North Carolina Democratic Gov. Roy Cooper on Thursday vetoed a trio of Republican bills aimed at the discussion of LGBTQ issues in schools and the availability of gender transition services for minors.
The Republican-controlled state legislature is likely to override Cooper’s veto, as it has done for similar legislation in recent months. Cooper argued that the bills are part of the “culture wars” and have no place in the law.
The first of the bills is a Florida-style parental rights bill that would require schools to notify parents if their children want to change their names or pronouns. It also prohibits discussion of LGBTQ issues in elementary school.
“Parents’ rights are well established in state law, so instead of burdening schools with their political culture wars, lawmakers should be helping them with better teacher pay and more investments in students.” , Cooper said in a statement.
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The other two bills concern transgender issues. One bans access to surgery and puberty blockers to minors, and the other bans biological males from playing on women’s sports teams.
Cooper argues that the bills tell doctors to ignore “approved medical protocols” and effectively make the government “both the parent and the doctor.”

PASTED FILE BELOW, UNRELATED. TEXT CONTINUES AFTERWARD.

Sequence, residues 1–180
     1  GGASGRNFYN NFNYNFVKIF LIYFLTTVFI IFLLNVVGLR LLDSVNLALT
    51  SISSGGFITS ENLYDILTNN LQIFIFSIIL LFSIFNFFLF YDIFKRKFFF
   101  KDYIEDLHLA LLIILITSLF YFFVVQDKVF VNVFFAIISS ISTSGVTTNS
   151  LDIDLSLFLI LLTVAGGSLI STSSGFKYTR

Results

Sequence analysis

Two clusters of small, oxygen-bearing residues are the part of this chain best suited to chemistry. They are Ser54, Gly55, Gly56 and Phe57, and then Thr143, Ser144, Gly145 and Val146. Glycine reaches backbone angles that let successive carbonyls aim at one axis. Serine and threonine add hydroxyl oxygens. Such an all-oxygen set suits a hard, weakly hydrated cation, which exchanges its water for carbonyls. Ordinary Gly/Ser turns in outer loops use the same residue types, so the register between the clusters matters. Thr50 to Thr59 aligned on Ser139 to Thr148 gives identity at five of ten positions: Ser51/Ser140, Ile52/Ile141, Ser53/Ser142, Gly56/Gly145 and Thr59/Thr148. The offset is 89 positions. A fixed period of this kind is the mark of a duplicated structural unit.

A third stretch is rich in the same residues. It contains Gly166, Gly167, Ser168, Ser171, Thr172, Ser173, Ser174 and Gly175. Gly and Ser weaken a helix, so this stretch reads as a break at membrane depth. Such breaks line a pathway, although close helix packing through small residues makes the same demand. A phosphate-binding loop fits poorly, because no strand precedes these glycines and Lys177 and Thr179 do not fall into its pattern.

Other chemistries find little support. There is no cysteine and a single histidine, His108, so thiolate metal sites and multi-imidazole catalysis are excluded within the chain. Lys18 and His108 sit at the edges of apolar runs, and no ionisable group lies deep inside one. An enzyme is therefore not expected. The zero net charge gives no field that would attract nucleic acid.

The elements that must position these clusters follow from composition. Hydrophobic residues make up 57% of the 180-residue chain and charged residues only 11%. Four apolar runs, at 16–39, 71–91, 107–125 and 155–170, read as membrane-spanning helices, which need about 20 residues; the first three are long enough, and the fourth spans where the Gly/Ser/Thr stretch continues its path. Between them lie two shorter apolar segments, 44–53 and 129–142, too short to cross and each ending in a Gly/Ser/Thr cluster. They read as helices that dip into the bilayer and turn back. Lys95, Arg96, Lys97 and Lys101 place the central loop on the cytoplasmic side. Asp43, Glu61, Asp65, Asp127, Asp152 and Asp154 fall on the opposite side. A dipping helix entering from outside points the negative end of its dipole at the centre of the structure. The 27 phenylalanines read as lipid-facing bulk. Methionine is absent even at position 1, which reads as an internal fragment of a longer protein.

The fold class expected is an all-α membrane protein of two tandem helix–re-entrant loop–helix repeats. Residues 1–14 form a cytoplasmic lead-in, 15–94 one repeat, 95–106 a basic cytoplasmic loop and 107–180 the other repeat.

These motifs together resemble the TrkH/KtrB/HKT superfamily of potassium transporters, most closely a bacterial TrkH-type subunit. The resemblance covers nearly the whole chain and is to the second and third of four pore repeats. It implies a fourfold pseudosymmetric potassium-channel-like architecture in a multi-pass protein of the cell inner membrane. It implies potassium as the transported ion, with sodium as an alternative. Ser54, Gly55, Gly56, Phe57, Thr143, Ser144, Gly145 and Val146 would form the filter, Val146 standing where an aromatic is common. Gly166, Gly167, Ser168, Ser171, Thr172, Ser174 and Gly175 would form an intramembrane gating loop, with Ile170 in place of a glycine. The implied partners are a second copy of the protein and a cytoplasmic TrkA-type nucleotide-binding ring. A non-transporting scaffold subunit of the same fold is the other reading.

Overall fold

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Meanwhile, Republicans have largely dismissed Cooper’s opposition, confident in his ability to override his veto as they have done before.
“Governor Cooper has no interest in supporting female athletes, only his far-left donors who want to erase women by refusing to acknowledge biology,” said state Sen. Vickie Sawyer, a Republican who sponsored the sports bill.
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North Carolina Republicans recently overrode Cooper’s veto of a bill restricting 12-week abortions in May.
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The legislation banned most abortions after 12 weeks, with exemptions for complicated cases, such as when the mother’s life is at risk.
Overriding the governor’s veto requires a supermajority, or three-fifths of each chamber.